The Mauritanian legislative and municipal elections that are overdue and which had been repeatedly delayed will finally be held in a very delicate domestic, regional, and international context; as many constraining factors may impact on their ultimate outcome; talk less of the numerous challenges that could prevent them from being crowned by an unmitigated success.
Indeed, the present Mauritanian political context is characterized by a totally atomized and polarized political class; since over one hundred small political parties with no clear cut political programs nor precise ideological referentials swarm the national arena. They keep shuttling back and forth between the coalition of the opposition parties and the presidential majority parties, provoking thereby a constant change of the contours of these two entities.
More over there is a deep and long standing mistrust between the state party (UPR: Union Pour la Republique) and the radical opposition parties (COD : Coordination de l’opposition democratique ) that reaches back to the unsuccessful political dialogue they engaged in at Dakar following the military coup d’état that ousted former president Sidi Ould Cheikh Abdellahi on August 5, 2008 . A Subsequent dialogue between the two sides and their respective allies on the appropriate conditions for a thorough and agreed upon preparation of the municipal and legislative elections had once again failed.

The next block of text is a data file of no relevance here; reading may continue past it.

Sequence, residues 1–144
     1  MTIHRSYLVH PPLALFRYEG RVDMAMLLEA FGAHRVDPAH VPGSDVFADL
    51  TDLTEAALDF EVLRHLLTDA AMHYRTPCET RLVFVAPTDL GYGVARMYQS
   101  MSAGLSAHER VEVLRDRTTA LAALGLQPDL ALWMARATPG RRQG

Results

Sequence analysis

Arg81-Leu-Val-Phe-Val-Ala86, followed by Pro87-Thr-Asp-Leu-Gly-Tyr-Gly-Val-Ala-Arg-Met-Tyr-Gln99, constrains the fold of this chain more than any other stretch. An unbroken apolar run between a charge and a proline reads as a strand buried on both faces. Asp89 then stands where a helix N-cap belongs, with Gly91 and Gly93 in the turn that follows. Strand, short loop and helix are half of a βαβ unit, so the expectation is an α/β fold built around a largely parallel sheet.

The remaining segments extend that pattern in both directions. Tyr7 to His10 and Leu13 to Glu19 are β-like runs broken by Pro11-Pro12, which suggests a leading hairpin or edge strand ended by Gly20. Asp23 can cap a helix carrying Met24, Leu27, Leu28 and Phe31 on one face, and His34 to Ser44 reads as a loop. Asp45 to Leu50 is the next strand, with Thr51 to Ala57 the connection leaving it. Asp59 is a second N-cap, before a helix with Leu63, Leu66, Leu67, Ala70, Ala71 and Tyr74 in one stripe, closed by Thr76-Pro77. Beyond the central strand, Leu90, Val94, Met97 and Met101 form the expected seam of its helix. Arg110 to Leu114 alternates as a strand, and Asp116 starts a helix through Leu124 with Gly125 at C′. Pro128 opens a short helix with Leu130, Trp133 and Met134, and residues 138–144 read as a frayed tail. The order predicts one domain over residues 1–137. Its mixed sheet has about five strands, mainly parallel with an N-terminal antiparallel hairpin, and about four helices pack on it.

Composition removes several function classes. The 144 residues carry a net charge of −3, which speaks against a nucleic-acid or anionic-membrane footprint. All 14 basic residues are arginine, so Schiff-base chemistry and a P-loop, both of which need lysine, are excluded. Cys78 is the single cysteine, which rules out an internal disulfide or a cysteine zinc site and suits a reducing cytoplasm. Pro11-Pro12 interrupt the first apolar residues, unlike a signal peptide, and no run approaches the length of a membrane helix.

This string of failures that each side blamed on the other had widened the gap separating them and brought about a great deal of bitterness and enmity between them. And the two parties seem, up to now, unable or/ and unwilling to get over their hard feelings toward each other; hence the extreme difficulty for them to reach an agreement on the ways and means to organize and conduct the forth coming elections in a consensual and appeased atmosphere.
The negative effect of this sharp polarization between the protagonists and the mutual rejection that goes with it , are worsened by the lack of cohesion and the absence of harmony that prevail in each one of the existing political parties and which culminate in a strong tendency to political nomadism that lead in its turn to shiftlessness and instability. This anarchical restlessness and the pervasive unfriendly mood that goes with it are not congenial to a constructive consensual, political enterprise. And there seem to be no effort on behalf the political authorities to undertake any significant reconciliatory efforts to dissipate the prevailing general discontent which is experienced more deeply by the disgruntled opposition. The political regime is apparently more inclined to lock horns with the opposition than to seek a consensual dialogue with it.